I'm interested in politics and history, and have degrees in each subject. I think that society as a whole can be better informed and make better decisions if it has easy access to neutral, well-sourced, and informative accounts of major political and historical topics. I think I've made some solid contributions in that regard. Even if I don't "help make the world a better place" through Wikipedia editing, I figure that my edits will at least help some internet arguments take place at a slightly higher level of information.
My primary goal is to add material that is reasonably well-written and is cited to academic sources, or (for newer subjects) solid news sources. I also think that it's important to write leads that comprehensively cover the subject, since many or most readers won't advance far past the lead. I'm happy to help with other worthy goals (getting articles to Featured/Good status, uploading images, conforming to the Manual of Style, undoing vandalism, resolving disputes, etc.) but they aren't my primary focus.
Pet peeve: Aside from the obvious issues, like people who are just "POV pushing" and people who "take ownership" of an article, I have a pet peeve that I haven't seen others complain about. I hate the following type of sentence, especially if it's in a lead and not about something particularly important: "On January 1, 2016, it was announced that on January 2, 2016, xperson will do yactivity." First of all, this information is already outdated. Secondly, it doesn't usually matter when an announcement is, and the exact date of the announcement will very rarely matter. Finally, there's no reason not to say who made the announcement. Granted this is a small thing, but I've seen it in a ton of articles.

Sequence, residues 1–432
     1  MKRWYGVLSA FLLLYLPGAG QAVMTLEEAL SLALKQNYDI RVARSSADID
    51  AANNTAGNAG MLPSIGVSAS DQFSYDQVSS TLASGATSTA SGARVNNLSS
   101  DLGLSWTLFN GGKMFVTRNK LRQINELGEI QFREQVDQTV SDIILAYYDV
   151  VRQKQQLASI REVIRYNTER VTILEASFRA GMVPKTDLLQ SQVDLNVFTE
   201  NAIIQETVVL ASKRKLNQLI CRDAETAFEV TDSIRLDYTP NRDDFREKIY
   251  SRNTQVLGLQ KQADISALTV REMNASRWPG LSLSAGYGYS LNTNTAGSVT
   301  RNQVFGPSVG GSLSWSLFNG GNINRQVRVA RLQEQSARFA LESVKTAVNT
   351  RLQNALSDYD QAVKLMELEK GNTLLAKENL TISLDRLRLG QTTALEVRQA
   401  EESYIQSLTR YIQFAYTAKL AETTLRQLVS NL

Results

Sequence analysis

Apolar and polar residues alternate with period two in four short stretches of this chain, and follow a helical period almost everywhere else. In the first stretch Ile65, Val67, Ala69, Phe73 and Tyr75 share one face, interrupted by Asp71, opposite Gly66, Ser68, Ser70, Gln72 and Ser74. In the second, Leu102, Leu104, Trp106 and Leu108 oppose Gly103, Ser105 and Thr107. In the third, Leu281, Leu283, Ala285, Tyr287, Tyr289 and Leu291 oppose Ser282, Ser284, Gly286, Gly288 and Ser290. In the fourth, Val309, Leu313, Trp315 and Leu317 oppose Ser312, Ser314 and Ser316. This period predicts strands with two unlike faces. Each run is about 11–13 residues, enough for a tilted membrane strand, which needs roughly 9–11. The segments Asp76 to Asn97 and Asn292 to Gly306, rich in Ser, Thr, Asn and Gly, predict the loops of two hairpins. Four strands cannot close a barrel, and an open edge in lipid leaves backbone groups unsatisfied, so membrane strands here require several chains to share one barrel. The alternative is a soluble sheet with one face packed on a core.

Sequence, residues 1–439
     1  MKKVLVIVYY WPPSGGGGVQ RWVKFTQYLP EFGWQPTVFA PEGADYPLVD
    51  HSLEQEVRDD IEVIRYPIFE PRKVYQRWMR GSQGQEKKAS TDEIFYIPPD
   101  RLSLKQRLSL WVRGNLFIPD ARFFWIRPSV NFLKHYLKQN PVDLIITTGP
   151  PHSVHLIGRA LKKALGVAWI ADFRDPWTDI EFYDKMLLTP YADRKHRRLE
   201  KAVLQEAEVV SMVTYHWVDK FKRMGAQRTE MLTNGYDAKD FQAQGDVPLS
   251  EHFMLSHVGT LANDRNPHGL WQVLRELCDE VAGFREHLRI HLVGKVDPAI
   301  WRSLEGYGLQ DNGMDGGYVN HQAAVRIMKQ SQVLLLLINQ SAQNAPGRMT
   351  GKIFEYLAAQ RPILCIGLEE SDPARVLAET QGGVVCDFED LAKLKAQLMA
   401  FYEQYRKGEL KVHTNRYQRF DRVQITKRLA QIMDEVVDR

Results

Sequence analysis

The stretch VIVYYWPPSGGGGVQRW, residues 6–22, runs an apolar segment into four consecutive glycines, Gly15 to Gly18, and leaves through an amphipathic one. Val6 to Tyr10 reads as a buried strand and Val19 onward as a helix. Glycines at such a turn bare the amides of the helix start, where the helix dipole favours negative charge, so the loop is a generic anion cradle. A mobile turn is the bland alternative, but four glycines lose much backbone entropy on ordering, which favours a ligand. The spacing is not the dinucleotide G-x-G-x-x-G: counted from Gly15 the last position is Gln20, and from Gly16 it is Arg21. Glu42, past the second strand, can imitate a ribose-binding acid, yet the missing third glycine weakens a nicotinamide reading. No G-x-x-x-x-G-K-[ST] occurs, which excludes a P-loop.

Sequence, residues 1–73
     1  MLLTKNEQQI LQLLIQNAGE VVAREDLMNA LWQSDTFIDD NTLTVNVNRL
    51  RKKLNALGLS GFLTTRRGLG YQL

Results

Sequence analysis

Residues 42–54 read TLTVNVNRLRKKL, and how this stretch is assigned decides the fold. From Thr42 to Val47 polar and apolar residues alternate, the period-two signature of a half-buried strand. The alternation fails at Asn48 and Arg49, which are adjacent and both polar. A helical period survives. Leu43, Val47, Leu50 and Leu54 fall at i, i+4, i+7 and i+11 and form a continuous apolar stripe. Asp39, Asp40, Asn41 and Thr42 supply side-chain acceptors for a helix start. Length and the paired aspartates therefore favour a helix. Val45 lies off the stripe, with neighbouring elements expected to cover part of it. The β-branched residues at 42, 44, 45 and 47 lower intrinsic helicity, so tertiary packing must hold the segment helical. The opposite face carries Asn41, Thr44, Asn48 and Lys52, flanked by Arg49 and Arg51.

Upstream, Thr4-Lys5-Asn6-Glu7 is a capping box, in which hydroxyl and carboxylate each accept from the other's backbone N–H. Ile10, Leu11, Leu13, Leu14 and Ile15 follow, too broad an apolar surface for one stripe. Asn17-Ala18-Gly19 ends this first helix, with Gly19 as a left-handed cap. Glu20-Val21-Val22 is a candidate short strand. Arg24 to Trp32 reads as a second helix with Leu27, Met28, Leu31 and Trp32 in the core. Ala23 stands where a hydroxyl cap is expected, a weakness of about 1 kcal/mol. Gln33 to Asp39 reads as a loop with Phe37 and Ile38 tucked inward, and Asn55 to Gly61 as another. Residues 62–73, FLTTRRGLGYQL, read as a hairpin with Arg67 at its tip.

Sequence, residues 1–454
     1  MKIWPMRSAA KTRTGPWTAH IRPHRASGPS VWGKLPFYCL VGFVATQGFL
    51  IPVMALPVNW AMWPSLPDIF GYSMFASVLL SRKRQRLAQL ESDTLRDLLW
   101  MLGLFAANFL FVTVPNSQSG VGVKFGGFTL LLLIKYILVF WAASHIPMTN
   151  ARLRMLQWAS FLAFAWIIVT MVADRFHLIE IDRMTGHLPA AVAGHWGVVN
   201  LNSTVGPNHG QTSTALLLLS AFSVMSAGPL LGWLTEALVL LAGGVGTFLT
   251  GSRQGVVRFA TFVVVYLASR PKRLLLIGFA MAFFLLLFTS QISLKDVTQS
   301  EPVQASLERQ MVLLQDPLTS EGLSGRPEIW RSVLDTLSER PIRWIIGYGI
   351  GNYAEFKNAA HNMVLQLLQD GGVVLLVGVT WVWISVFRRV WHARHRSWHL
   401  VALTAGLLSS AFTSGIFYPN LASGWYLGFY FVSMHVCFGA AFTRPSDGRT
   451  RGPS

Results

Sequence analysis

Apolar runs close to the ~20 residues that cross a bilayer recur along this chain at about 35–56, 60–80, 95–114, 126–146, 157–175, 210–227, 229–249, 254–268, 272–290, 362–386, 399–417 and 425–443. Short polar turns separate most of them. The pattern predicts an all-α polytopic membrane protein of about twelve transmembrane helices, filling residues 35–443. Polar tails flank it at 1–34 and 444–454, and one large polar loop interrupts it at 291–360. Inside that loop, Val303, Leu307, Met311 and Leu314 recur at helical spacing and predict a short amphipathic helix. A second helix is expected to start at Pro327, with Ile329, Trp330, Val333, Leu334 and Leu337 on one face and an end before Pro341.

Another pet peeve: The word "federal" is not capitalized, except as part of a proper noun
A third pet peeve: Drive-by-editors who add things but don't actually engage with sources. Wikipedia articles don't exist to reflect your opinions; unless you're a reliable source, your opinion doesn't matter. If you add something, use a reliable source. Even better, use a reliable source that is appropriate to the level-of-detail appropriate to the article. It's also very hard to know whether something should be removed unless you have actually engaged with sources, which help indicate whether or not things are relevant.
Idea: in the long run, I think it would be great if we had a sort of concise version of each article, or at least the most important ones. For example, I think it's great that there's a 15000 word article on Abraham Lincoln that's freely available to the public, but I also think it would be nice if there were a 3000 word article available for those who don't have the time/concentration to read a 15000 word article but are interested in a more detailed look than that provided by the lead.
An essay I generally agree with that points out many of the challenges facing Wikipedia: User:Dr. Blofeld/Encyclopedia problems. I particularly agree with the author's argument that there are many poorly-sourced articles that, unfortunately, pretty much need to be rewritten from scratch.
Articles worked on
- This monstrosity
- Sports in Philadelphia
- Historical U.S. election articles (e.g. United States elections, 1900)
- Several recent U.S. election articles (e.g. 2018 House elections)
- Articles on Supreme Court history (e.g. Taft Court)
- Every U.S. presidency article
- Most presidential bio articles
- Other random historical bios, like Henry Clay
- Other random historical articles, like Federalist Era
- Several leads
- Probably other stuff